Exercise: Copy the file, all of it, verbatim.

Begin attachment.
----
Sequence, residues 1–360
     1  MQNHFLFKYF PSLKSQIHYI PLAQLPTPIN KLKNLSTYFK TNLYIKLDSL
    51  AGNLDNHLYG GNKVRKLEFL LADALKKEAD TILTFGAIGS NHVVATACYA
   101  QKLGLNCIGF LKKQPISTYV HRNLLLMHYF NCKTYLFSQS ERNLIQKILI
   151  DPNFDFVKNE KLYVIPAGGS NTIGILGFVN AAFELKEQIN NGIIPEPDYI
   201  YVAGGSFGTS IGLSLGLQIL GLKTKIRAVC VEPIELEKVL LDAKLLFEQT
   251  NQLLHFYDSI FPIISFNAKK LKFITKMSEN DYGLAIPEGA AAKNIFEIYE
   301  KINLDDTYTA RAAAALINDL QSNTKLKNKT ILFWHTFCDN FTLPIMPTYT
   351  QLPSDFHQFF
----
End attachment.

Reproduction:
Sequence, residues 1–360
     1  MQNHFLFKYF PSLKSQIHYI PLAQLPTPIN KLKNLSTYFK TNLYIKLDSL
    51  AGNLDNHLYG GNKVRKLEFL LADALKKEAD TILTFGAIGS NHVVATACYA
   101  QKLGLNCIGF LKKQPISTYV HRNLLLMHYF NCKTYLFSQS ERNLIQKILI
   151  DPNFDFVKNE KLYVIPAGGS NTIGILGFVN AAFELKEQIN NGIIPEPDYI
   201  YVAGGSFGTS IGLSLGLQIL GLKTKIRAVC VEPIELEKVL LDAKLLFEQT
   251  NQLLHFYDSI FPIISFNAKK LKFITKMSEN DYGLAIPEGA AAKNIFEIYE
   301  KINLDDTYTA RAAAALINDL QSNTKLKNKT ILFWHTFCDN FTLPIMPTYT
   351  QLPSDFHQFF